For those who are just itching to get out in the dirt, now’s the perfect time for taking a soil test. Testing soil takes the guesswork out of fertilization. It not only eliminates the waste of money spent on unnecessary fertilizers, but also eliminates over-usage of fertilizers. Soil fertility fluctuates throughout the growing season each year. The quantity and availability of mineral nutrients are altered by the addition of fertilizers, manure, compost, mulch and lime or sulfur, in addition to leaching. Furthermore, large quantities of mineral nutrients are removed from soils as a result of growth, development and the harvesting of crops. A soil test will determine the current fertility status.
Most turf grasses, flowers, ornamental shrubs, vegetables, and fruits grow best in slightly acid soils which represent a pH of 5.5 to 7. Plants such as rhododendrons, azaleas, mountain laurel, and blueberries require a more acidic soil. A soil test is the only precise way to determine whether the soil is acidic, neutral or alkaline.
Most soil nutrients are readily available when the pH is at 6.5. When the pH rises above this value, nutrient elements become less available, if the pH drops below 6.5, manganese can reach a toxicity level for some sensitive plants.
How do I take a soil sample to insure accurate test results?
A good soil sample consists of a composite sample, which contains 10 to 15 cores or slices of soil with each one taken at the same depth and volume at each site. Samples should be collected at random in a zigzag pattern over the area and mixed together in a clean plastic bucket.
Separate samples should be taken from lawns, gardens, flowerbeds or shrub borders. Remove the top debris, residue or turf from the soil surface before taking the sample. Samples should be taken 6 to 8 inches deep. For the lawn, lift the sod and sample three inches deep.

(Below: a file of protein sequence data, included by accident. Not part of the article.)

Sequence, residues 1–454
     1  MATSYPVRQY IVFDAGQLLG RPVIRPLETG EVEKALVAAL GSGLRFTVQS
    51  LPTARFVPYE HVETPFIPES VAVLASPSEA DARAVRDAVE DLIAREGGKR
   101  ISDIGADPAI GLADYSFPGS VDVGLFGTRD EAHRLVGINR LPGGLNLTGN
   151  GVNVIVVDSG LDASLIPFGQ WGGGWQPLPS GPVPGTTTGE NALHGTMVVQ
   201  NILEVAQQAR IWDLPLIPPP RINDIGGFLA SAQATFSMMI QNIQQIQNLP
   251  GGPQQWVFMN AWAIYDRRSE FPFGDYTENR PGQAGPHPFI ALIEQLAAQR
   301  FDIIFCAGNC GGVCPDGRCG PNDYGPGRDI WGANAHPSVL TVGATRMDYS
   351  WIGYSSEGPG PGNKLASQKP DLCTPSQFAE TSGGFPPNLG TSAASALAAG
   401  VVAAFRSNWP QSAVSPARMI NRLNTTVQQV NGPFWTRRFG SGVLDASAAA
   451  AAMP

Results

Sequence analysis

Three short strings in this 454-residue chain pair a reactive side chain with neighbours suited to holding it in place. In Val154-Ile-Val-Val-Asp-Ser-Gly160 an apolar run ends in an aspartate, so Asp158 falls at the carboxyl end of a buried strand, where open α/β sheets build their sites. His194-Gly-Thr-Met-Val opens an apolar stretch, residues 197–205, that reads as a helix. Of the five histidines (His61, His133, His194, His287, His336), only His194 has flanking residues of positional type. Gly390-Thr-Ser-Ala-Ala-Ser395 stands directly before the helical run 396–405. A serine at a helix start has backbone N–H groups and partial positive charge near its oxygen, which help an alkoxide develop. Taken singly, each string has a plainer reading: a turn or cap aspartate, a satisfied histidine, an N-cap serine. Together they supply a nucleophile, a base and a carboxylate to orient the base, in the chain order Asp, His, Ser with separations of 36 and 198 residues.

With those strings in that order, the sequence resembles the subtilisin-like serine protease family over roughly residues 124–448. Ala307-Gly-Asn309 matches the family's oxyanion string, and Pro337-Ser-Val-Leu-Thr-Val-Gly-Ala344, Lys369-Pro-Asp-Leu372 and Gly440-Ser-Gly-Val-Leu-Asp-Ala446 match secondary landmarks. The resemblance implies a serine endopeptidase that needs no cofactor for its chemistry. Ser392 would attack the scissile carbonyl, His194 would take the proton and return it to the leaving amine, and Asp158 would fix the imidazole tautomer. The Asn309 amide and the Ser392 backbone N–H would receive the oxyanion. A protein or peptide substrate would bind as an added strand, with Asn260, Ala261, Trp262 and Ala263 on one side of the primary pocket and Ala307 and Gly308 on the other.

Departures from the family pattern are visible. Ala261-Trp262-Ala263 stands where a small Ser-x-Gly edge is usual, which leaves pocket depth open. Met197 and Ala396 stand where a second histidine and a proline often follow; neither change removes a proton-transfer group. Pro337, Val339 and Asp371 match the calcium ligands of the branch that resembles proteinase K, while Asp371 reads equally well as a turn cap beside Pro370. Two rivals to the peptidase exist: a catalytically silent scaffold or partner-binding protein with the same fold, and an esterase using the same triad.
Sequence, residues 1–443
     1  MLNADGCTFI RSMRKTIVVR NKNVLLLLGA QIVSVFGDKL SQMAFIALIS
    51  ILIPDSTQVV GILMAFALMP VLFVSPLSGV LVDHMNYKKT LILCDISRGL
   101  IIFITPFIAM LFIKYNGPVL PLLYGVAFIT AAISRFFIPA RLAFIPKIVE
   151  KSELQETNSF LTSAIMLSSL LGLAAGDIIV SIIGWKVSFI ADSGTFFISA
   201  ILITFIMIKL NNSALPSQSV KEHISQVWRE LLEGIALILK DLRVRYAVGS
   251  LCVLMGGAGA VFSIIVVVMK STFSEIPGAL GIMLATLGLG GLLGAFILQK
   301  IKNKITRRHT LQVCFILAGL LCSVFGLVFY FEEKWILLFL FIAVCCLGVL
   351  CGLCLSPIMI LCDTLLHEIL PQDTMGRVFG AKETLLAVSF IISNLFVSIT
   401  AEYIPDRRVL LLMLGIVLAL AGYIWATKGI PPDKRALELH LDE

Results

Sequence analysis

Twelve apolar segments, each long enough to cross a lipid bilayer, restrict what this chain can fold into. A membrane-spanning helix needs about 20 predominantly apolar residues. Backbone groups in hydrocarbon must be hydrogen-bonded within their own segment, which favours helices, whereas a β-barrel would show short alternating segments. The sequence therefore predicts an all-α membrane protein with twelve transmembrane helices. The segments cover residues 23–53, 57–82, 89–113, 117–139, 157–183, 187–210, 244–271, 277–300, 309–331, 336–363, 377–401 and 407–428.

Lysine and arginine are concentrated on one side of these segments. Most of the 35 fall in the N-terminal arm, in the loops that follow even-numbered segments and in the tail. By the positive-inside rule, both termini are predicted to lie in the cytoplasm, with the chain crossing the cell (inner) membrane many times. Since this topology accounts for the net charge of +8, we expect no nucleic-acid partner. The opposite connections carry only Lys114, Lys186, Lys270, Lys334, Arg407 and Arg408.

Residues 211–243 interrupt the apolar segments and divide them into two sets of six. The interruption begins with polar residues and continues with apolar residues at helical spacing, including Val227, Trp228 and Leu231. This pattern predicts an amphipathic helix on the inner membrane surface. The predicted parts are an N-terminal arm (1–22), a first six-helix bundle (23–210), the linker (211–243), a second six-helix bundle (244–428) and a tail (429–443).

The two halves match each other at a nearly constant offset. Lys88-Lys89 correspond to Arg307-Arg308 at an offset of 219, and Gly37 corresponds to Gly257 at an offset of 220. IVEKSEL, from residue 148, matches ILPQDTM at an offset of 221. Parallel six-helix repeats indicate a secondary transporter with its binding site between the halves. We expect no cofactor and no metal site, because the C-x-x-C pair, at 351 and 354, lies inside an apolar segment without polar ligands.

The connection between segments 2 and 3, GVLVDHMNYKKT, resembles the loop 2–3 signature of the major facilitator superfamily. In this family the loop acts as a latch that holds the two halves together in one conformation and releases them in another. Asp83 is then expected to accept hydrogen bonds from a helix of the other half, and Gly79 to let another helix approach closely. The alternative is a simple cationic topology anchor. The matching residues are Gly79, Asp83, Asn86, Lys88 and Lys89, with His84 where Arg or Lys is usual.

Where do I send my sample?
WSU has an excellent publication listing soil testing labs, which is available from the publications office (pubs.wsu.edu). Search for EB 1578E, titled “Analytical Laboratories and Consultants Serving Ag in the PNW”. It is downloadable for free! No matter which lab you choose, be sure to call the lab first for instructions and appropriate forms.
How reliable are the Soil Test Kits found in gardening stores?
Garden store soil testing kits are relatively inexpensive compared to the tests done by more sophisticated soil testing laboratories. They can give you a very general indication of your soil pH and fertility status if that is all you want.
If our soil test indicates that we need to apply fertilizer, what is the best time to make the application?
As a general rule, the optimum time to apply fertilizer is in the spring, just as plants are ready to begin their new season of growth. The best time to fertilize vegetable gardens and flower beds is at the time the soil is being tilled and prepared for planting. The desired amount of fertilizer can be broadcast evenly over the garden space and tilled into the top 6 to 8 inches of soil. This distributes the fertilizer evenly thought the root zone of the plants.
Spreading the desired amount of fertilizer over the root zone and incorporating the fertilizer by shallow cultivation and or irrigating the area fertilize trees, shrubs and perennial plants.
For lawns, the fertilizer application is usually split into four smaller applications that coincide with the Easter, Memorial, Labor Day and Thanksgiving Day holidays.